UV exposure may improve kids’ blood glucose levels

Skin cancers

By Mardi Chapman

24 Oct 2019

Increased safe sun exposure during winter may be one way to reduce fasting blood sugar in children with obesity, Australian research suggests.

A WA-led study in 6-13 year-olds has found markers of glucose metabolism appear to vary with the season – consistent with similar observations in adult populations.

The study comprised 163 children recruited from Perth primary schools and 99 children recruited after a hospital consultation for weight-related issues. Most children (62%) were of normal weight, 30.5% were overweight and 7.3% were obese.

The study used season and local terrestrial UV levels in Perth as proxies for recent sun exposure at the time of the children’s blood samples.

It found fasting blood glucose levels were lowest in autumn and highest in spring for children in the combined, normal and obese weight categories.

“Similarly, we observed an inverse relationship between fasting blood glucose and mean daily terrestrial UVR levels, with a strong significant relationship observed in children with obesity when daily terrestrial UVR levels were measured in the 6 months prior to the blood test,” the researchers said.

In children of normal weight, fasting insulin was significantly higher in winter compared to summer and autumn.

However the evidence was not completely consistent across markers or groups of children. HbA1c was higher in summer than in winter in children in the combined or overweight category but that was not seen in children of normal weight.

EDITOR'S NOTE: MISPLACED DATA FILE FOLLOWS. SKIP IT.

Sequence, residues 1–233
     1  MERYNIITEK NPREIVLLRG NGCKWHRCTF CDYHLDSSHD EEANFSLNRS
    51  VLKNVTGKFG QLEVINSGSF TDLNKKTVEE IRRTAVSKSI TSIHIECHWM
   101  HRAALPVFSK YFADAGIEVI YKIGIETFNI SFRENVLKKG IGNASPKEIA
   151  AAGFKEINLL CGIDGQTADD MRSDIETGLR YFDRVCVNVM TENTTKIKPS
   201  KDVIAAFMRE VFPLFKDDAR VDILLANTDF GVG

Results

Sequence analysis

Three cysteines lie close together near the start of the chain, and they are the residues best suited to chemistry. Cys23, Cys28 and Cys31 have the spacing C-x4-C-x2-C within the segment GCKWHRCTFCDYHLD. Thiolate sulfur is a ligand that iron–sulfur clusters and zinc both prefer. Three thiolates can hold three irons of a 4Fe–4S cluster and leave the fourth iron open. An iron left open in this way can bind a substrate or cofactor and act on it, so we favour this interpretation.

The study authors said preclinical studies had suggested a plausible mechanism for the effect of seasonality on blood glucose levels, which might be related to the release of nitric oxide bioactivity following UV exposure of the skin.

Dr Shelley Gorman, program head of diabetes and obesity at the Telethon Kids Institute, told the limbic the research findings were limited by factors such as small numbers of children and blood measures at a single time point per child.

“We definitely think our findings need to be reproduced with more children who have obesity or are overweight,” she said.

“There is some science there that time of year might be really important for modulating glucose and it may be that kids with obesity need to get outside and get a bit of sun in the winter months. But we haven’t really shown that. We’ve just shown associations between season and terrestrial UV and fasting blood glucose levels.”

“There is more work to be done,” she added.

“If sun exposure is an important environmental factor, and our study certainly suggests it might be, then we certainly need to have a closer look in children around Australia and the world.”

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